Lost in the hoopla of the Capitals’ Game Five win is more staggering evidence that Alex Ovechkin is an elite postseason player.
Early in the third period of Game Five, Ovechkin scored his 46th career postseason goal, which now ranks him third all-time among all Russian born players.
Alex Ovechkin responded to the pressure to deliver for the #Capitals in Game 5, notching a huge goal to move into 3rd on this all-time list pic.twitter.com/pmk71yyqFJ
— StatsCentre (@StatsCentre) May 7, 2017
Ovechkin trails Sergei Fedorov and fellow 2004 draft pick Evgeni Malkin by six goals despite playing in 89 and 39 fewer playoff games respectively.
#Gr8 being #Gr8 pic.twitter.com/d0OyTf6dXo
— Washington Capitals (@Capitals) May 7, 2017
And despite headlines and false narratives to the contrary, Ovechkin has been the Capitals most dependable player during the team’s last nine appearances in the playoffs.
According to @averagecapsfan, Ovechkin, among players who have scored the largest percentage of their teams’ playoff goals, ranks second all time.
When including assists, Ovechkin only trails Wayne Gretzky and Mario Lemieux.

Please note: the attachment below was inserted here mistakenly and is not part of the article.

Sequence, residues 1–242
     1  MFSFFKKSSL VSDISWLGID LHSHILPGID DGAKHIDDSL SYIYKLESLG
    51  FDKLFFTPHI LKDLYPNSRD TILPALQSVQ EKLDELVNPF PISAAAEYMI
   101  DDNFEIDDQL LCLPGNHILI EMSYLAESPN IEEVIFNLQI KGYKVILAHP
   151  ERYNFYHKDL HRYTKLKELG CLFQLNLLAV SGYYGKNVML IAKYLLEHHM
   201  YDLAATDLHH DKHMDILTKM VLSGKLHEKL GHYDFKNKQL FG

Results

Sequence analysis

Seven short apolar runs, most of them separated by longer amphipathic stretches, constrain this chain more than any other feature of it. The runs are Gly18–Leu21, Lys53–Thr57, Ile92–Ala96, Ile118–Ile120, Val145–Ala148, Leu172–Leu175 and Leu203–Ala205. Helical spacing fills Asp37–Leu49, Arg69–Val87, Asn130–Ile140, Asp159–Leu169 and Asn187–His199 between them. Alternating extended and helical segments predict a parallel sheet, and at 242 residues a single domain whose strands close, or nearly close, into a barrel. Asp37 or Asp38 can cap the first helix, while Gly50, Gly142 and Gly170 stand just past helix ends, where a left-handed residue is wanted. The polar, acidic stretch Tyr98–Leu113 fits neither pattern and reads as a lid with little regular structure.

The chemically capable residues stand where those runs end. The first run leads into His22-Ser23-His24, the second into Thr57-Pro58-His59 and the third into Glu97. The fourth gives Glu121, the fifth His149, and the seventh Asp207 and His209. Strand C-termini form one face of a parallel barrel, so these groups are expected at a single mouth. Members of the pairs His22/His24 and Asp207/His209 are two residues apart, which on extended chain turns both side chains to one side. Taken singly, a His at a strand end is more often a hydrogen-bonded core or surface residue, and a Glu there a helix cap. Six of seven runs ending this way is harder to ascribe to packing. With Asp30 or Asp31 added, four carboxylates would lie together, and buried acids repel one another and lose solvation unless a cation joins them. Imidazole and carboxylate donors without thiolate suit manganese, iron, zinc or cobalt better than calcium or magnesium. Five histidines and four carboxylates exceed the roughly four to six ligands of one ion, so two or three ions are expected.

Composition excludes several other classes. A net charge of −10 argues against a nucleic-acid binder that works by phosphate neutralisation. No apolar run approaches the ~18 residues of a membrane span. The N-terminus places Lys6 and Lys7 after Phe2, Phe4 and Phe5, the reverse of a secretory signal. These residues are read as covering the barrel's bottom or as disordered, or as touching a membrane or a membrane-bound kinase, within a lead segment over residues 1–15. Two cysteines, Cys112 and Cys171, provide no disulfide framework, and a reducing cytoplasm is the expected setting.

Perhaps it’s the rest of the team that has failed to get the Capitals over the hump and past the second round of the playoffs. Ovi has 20 points in 19 career elimination games. He also has 90 points in 95 career postseason games. According to the NHL’s PR, Ovechkin averages nearly a point and a half per game against the Penguins in the playoffs.
DYK? @ovi8 is averaging 1.44 points per game in 18 career playoff games vs. PIT (12-14—26) – including 2-3—5 in 5 GP this year. #StanleyCup pic.twitter.com/OYnVohbdOi
— NHL Public Relations (@PR_NHL) May 7, 2017
Saturday night during the second intermission, NBCSN’s Mike Milbury was asked to describe Ovechkin’s performance in Game Five. At that point in the contest, Ovechkin led all skaters with five hits after being demoted to the third line.
“It’s not good,” NBC’s Mike Milbury said as transcribed by the Washington Post’s Dan Steinberg. “This is the third consecutive game where the Great Eight has just reduced his name to Average Eight. This is not a great player that we’re watching here. This is a player that can’t find his way, looks to be totally consumed by his own thoughts. … This is not good enough from Alex Ovechkin, and some of it comes from a lack of effort. Maybe he’s overthinking, but he’s running out of time.”
Or maybe Ovechkin, because he’s the team’s best player, is the easiest person to blame and Milbury is the one who is actually lazy.
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